The fans who watched him in his prime are long gone from this earth but no one needs eye witnesses or video to understand why the market for Ty Cobb baseball cards remains one of the hottest sports collectible markets. Cobb’s greatness on the field and in the record books has transcended generations.
From the early 20th century through the end of his playing career a quarter century later, he was a fixture on most of the sets that were created. From sports publications to postcards to those given out with candy to, of course, tobacco, it wasn’t much of a set without him.
Today, some collectors chase as many Cobb cards as they can find. Others prefer a few high grade examples and the rest of us simply would like one from his playing days or even a cut signature or relic card from the modern era just to say we own a Cobb.
He is one of the players who drives the vintage card market. Headlines are made when the rare “Ty Cobb Tobacco” T206 cards are discovered and when a bag full of them is found it’s a big story. Auctions are full of four, five and six-figure sales of the best graded Cobb cards.
No player’s face portrayed the tobacco card era better. Cy Young had sort of a grandfatherly appearance by 1909. Christy Mathewson was a college grad, rare for players of the time. Walter Johnson looked almost tranquil, as if he knew he’d get you out one way or another. Honus Wagner? Well, his short tenure in those cigarette packs didn’t say much. Ty Cobb baseball cards gave us the look. He appeared on four different cards in the T206 set: green and red backed portraits, a waist-up art creation holding a bat on his shoulder and another with the bat resting on it.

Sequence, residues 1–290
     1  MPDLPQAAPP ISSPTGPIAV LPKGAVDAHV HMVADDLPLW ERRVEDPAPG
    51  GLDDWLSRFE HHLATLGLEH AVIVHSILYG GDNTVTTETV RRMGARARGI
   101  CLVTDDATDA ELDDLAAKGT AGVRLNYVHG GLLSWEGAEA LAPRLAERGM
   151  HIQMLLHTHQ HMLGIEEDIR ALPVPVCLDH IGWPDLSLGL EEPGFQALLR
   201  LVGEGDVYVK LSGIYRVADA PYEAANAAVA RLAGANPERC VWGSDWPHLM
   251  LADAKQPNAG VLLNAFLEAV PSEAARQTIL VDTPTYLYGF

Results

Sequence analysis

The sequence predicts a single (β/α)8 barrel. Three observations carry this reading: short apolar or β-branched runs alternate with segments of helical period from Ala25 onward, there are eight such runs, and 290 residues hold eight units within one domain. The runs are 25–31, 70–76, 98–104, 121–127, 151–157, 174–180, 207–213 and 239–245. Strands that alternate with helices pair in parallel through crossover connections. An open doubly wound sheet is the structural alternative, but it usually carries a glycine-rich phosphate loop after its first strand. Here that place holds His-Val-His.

His earliest cards, however, didn’t involve smokes. He appeared in the 1907 Dietsche postcard set in the Detroit area and was also part of the ongoing Sporting Life cabinet card series around the same time. The Dietsche postcards remain one of the hobby’s most underrated cards, in our opinion. The Sporting Life cabinets took a real effort to acquire back in the day and are among the hobby’s most sought after issues.
Cobb was in caramel cards, too, so you didn’t have to be a smoker to find his picture. The 1909 E90-1 American Caramel and the 1909 E95 Philadelphia Caramel cards are among his most popular “candy” cards.
A few years later, you could find Cobb in the Mecca Double Folders set and multiple times inside the creative and beautiful Hassan Triple Folders series.
His card in the 1914 and 1915 Cracker Jack sets are also extremely popular with collectors who can afford to chase them.
Cobb captivates collectors like no other player and his original baseball cards are the keys to virtually every set issued between 1907 and 1925. He’s proven to be a good investment over time.
So which graded and authenticated Ty Cobb cards are being watched by the most eBay bidders right now? Take a look at the list below, which is updated automatically multiple times each day:
To see the most watched cards in any sport at any one time, click here.